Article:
Our client’s often send us documentation of their co-pays. This is not necessary. While it is helpful to document what medical providers you are seeing, we will not recover specifically for your co-pays. However, you will be reimbursed for them and more. Your co-pay is a small percentage of the actual cost of seeing your doctor/physical therapist etc. Your attorney will try to recover for the entire cost of your medical visit – not just the co-pay.

Conclusion

In sum, if you want to know how to prove your personal injury case, in a word – “document” it! For additional information on how to document your case, contact Morton Grove personal injury attorney Barry Zlotowicz at 312-848-9783 for a free consultation.

Disclaimer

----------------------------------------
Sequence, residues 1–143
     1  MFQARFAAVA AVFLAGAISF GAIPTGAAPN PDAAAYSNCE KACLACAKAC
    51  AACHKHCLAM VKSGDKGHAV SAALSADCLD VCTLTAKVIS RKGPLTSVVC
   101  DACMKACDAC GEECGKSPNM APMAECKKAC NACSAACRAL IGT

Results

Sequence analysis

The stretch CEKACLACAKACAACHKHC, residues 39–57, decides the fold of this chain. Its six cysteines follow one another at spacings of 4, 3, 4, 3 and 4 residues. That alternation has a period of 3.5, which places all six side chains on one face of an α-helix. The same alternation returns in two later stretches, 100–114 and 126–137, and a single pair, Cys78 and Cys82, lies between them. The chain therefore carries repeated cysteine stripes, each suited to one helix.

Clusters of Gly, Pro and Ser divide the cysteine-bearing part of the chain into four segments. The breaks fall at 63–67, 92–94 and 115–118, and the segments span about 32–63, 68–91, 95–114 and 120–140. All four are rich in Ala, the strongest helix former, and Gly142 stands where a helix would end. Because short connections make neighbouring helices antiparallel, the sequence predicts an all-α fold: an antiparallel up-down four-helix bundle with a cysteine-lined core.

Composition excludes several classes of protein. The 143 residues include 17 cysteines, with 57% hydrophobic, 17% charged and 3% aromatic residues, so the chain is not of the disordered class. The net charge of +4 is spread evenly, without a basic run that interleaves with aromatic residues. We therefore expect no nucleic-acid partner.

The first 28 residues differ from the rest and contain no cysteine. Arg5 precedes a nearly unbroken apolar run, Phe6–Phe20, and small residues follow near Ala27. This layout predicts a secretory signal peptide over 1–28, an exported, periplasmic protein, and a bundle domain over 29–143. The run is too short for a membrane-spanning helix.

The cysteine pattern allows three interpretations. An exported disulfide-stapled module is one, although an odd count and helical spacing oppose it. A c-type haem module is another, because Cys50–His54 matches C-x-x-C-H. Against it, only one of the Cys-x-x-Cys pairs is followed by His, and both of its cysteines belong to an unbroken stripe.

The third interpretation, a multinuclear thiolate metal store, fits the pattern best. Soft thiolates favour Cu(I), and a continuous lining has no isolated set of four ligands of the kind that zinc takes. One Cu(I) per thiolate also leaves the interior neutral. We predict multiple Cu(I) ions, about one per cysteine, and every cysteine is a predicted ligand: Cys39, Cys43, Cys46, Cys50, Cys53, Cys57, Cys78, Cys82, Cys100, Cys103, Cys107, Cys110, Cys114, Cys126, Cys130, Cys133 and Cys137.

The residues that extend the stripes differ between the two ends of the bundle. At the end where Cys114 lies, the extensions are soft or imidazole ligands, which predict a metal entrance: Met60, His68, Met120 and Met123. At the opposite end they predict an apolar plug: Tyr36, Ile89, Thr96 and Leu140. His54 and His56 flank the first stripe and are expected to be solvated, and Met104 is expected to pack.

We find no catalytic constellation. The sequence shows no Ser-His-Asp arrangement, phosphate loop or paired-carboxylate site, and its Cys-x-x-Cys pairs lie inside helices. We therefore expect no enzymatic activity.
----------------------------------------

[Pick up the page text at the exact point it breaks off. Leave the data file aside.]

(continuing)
Disclaimer

This blog is for entertainment and informational purposes only. It is not intended as legal advice and the accuracy thereof is not warranted or guaranteed. This information is prone to errors and omissions. Use this information at your own risk. Reading this blog does not create an attorney-client relationship. All content in this blog is owned by the creator. This blog may include copyrighted information. Use of this information constitutes a “fair use” of this material.

The information on this site is not intended to be legal advice. Consult with an attorney for legal advice. Reading and visiting this site does not create an attorney-client relationship nor does sending an email to any of the attorneys listed on this site. An attorney-client relationship will only be made upon the appropriate consent of both you and the attorney.